August 29 and 30 2016 Aurora Storm Live Blog

Share Button

Northern Lights Now – SWPC has issued a G1 geomagnetic storm watch for potential aurora activity on Monday August 29 and Tuesday August 30, 2016. KP values could exceed 5.0. NLN will be live blogging this storm here. Check back often!

Update 8/30 13:10 UTC (09:30 am EST on 8/30)

It takes a lot of patience to hunt aurora. She was a no-show for most hunters last night. There was never quite the right environment with the Bz shifting or not strong enough and low density and the wind didn’t pick up.

Don’t write this one off yet. The bulk of the high speed wind hasn’t arrived, but it will. Over the last several hours the Bz has been much more consistently south. We could still get a show in the next 6-9 hours.

Update 8/30 06:10 UTC (02:10 am EST on 8/30)

Over the last hour, data has improved for aurora hunters. Bz has been consistently south and wind speed has ticked up above 400 km/s again. There have been a couple reports of aurora North of Toronto. With the current uptick, we expect more reports to start coming in from a little further south. Here’s the current wind data summary:

Solar wind data as of 6:10am UTC 8/30
Solar wind data as of 6:10am UTC 8/30

Update 8/30 05:00 UTC (01:00 am EST on 8/30)

The night is too short for our European hunters – the Sun is now coming up and they won’t see lady aurora tonight. For the East coast followers there are still about 4 hours left – but the data isn’t cooperating. Bz has taken occasional shifts into the negative rotation but none have been sustained long enough to make the lights dance in the mid latitude. For our left coast and down-under fans, there is still plenty of time. The solar wind won’t be as strong as originally predicted, but it will still come. Keep your fingers crossed that when it does arrive it brings a nice deeply southward oriented field.

Update 8/31 03:30 UTC (11:30pm EST on 8/29)

Wind speed data is starting to reflect the expected high speed stream. Readings are just under 400 km/s. Even better news: the Bz component has rotated back to a southward orientation. In the last 15 minutes it has shifted moderately strongly south with readings as low as -7.3. This should be enough that early aurora reports start flowing in from the northernmost outposts in the next 45 minutes to an hour. Please tag @northlightalert on aurora images you capture!

A note on the wing-KP: wing-KP is the model that runs NLN’s current KP real-time charts. The model is a neural net and the primary input is the 3-hour measured KP calculated for the USAF at Boulder. Because that has a three hour delay, wingKP models often underestimate the actual KP at the beginning of a storm and overestimate the values at the end of a storm. If this storm continues, it’s possible that areas that typically need a KP of 5 to see a show will get one even when the wingKP models are only registering a 4.

Update 8/31 01:20 UTC (9:20pm EST on 8/29)

A minor interplanetary shock was detected in DSCOVR data at 0100UTC. The Bz made a sudden shift from -7nT to +7nT, at the same time, density decrease and wind speeds increased slightly. This is a minor shock, but is an indicator of the leading edge of the high speed wind stream from the coronal hole is arriving. With the Bz rotating to a positive orientation, there won’t be aurora for a while. Fingers crossed that the next shock rotates the field back to negative. It is normal for the fields to oscillate a several times during the onset of an active period before settling into one predominatite orientation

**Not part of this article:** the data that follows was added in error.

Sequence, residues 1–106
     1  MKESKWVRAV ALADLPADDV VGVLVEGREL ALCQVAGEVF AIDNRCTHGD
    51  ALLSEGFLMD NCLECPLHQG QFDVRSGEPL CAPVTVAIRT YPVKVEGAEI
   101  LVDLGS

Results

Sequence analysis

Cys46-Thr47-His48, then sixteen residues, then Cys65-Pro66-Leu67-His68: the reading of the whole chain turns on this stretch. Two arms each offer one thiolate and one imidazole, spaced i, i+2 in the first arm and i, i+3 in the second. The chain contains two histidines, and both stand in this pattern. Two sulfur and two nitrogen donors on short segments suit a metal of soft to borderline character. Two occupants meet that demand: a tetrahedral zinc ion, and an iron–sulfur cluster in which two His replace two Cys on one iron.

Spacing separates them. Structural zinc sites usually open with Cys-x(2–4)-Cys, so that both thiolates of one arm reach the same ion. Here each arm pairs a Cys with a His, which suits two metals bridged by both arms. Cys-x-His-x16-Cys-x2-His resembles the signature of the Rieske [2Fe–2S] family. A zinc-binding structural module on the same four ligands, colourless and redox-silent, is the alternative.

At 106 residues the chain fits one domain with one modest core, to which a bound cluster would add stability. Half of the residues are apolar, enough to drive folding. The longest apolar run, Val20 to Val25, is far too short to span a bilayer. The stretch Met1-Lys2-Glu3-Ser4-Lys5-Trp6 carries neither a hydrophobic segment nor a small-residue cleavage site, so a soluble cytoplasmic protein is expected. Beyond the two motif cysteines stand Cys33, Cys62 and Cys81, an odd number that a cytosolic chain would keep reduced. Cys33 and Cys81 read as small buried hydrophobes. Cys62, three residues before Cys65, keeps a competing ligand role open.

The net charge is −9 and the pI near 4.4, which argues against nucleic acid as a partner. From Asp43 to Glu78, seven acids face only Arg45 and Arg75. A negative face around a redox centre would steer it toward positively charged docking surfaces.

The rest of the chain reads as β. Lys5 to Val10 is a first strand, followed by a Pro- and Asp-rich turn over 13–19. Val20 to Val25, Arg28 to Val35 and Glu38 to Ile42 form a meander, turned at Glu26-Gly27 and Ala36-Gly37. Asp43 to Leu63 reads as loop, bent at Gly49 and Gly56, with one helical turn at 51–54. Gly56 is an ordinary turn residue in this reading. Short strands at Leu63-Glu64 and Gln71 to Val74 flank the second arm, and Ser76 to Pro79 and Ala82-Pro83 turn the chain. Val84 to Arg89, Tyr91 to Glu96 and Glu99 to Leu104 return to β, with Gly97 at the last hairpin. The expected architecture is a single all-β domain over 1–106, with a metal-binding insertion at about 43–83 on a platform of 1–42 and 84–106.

DSCOVR data indicates the onset of the first real shock of this storm
DSCOVR data indicates the onset of the first real shock of this storm

Update 8/31 00:00 UTC (8:00pm EST on 8/29)

Ba has turned south and somewhat strongly. In the below snapshot from the NLN DSCOVR solar wind data page, you can see that Bz has been negative for over and hour and has been below -5nT for over 5 minutes. This, combined with the density and strong Bt should be enough to push KP into the 3s. Still waiting on the stronger solar wind. Once it arrives, it’s likely the density will drop.

Bz has now been negative over an hour, and moderately strongly for 5 minuts
Bz has now been negative over an hour, and moderately strongly for 5 minuts

Update 8/29 21:00 UTC (5:00pm EST on 8/29)

The expected solar wind speed is now late. As of 2100UTC the solar wind speeds have increased slightly to 360 km/s. That is still very slow compared to the expected wind speeds in the next several hours that could be in the 550-600 km/s range. Bz shifted north again about two hours ago. Bt and Density have remained favorable. The initial shock of the faster wind could arrive any time in the next couple hours. We’re in #WaitAndSee mode.

Update 8/29 16:00 UTC (12:00pm EST on 8/29)

Still waiting for the high speed wind to arrive. Bz made a sudden shift to negative about 4 hours ago around. If that holds, it could be a good sign for aurora hunters

Update 8/29 11:45 UTC (7:45am EST on 8/29)

Now about 6 hours away from when the forecast is calling for the first period of G1 storming. These forecasts generally have an error of +/- 6 hours. If the storming starts right on time it should be picking up just as it starts to get dark in Europe.

As you are watching the data remember that there is a delay between DSCOVR and Earth. It takes about 40-60 minutes between when a solar shock hits the satellite and when it induces aurora on Earth. That is why the real-time KP charts typically show a 60 minute lead time, they are based on the data recorded at the satellite. When the wind speed is stronger, that lead time decreases because it takes less time for the magnetic material to travel that last distance.